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iPads in Education

Some of you may know that I am working on an iPad 1-to-1 pilot program for first and fifth grade students at the school where I teach.  The program will study the effects of the mobile device on learning and achievement in the math and reading/language arts classroom.  One of my PLN members, Jason Schmidt will be working with us as a part of his masters program.  Additionally, Robert Marzano and Debra Pickering from the Marzano Research Institute, have agreed to partner with us in research if we can get the funding all settled.  Which brings me to the point of this post.  I still have to fund the thing!  I am waiting to hear back on several leads but never the one to only have one marshmallow in the fire, I am looking at every method conceivable to find the money for this. This morning my mom sent me a Kohls Cares for Schools contest email that is offering $500,000 to the 20 schools with the most votes by September 3.  Of course I promptly signed up for it and am counting on all of you to help me out.  You are given a total of 20 votes that you can use, but you can only use 5 votes per school.  So I am asking for 5 of your votes to help fund the iPads in education study.  It is simple and just takes a one time click to connect and then 5 clicks of the votes button.  Easy right?  So, would you give us a hand and help us put some research to the iPads in the classroom debate? One of the fun outcomes of this little idea is the comments that students have started leaving about how they think that the iPad could be used in the classroom.  Pretty fun to see from the students point of view Two side notes: 1.  I have an iLearn Technology fan page on Facebook, if you haven’t already become a fan and clicked “like” you can do that here. 2. If you have a contact that could help with funding, I would take that too Thank you all for your help and support!  If you are so inclined, you can also tweet about this post and ask others in your PLN to help vote.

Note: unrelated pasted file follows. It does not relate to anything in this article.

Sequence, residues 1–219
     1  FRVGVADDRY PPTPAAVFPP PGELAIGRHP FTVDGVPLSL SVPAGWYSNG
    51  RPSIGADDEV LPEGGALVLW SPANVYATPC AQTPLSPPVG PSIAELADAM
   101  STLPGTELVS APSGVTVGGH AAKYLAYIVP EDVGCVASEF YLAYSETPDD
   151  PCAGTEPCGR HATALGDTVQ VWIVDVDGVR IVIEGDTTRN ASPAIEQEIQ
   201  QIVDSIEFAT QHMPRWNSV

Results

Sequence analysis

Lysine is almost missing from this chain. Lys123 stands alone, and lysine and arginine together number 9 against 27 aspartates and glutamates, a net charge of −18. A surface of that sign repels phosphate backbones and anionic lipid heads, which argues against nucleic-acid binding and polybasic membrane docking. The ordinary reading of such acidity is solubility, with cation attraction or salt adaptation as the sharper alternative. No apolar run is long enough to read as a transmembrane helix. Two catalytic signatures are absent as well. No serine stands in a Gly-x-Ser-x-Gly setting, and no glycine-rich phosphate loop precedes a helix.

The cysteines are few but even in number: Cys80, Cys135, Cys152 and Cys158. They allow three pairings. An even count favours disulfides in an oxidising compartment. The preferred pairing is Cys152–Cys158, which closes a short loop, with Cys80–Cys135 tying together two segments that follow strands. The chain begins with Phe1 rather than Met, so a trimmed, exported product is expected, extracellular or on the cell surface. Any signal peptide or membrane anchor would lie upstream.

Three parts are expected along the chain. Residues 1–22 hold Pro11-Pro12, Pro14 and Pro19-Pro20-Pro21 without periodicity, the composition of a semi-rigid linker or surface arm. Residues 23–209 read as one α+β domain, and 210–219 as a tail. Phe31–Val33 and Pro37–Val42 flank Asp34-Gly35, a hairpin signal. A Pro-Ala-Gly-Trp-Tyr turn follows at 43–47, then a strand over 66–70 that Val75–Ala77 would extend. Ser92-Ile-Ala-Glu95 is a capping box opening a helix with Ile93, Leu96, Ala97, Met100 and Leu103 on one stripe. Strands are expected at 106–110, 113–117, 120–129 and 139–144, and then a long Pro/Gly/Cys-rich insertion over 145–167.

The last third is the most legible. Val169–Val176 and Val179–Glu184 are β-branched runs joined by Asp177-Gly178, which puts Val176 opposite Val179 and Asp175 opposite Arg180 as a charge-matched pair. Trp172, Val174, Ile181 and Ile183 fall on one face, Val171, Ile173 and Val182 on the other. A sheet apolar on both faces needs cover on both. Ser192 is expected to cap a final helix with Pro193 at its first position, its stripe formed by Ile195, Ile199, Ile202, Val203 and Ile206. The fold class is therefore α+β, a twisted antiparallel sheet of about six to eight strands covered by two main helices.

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myHistro: timeline/story/map/picture mashups created by you!

Posted by admin | Posted in Analyze, Art, Create, Evaluate, Geography, Government, History, Knowledge (remember), Language Arts, Middle/High School, Science, Secondary Elementary, Social Studies, Teacher Resources, Understand (describe, explain), Virtual Field Trips, web tools, Web2.0, Websites | Posted on 23-10-2012

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What it is:  myHistro is a really great site (and app!) that lets students combine maps and timelines seamlessly into one great presentation of information and understanding.  myHistro is more than just data collection, it is a way to share stories.  With myHistro, students can create a rich timeline/map mashup complete with additional text, pictures and video.  The result is truly incredible!  It is easy to get started, just create an event and associate it with a time and place.  Events can be gathered together and turned into stories.  Stories, in turn, can be used together to create a collection.  Stories can be viewed in multiple ways, by events on a timeline, in chronological order with a page flip feature like an album, or as a story summary of chronological events.  Create as many events as you would like and add as many photos as you like, all for free!  The finished product can even be downloaded into Google Earth format for offline storage. Completed Histros can be embedded in other blogs and websites for maximum usability.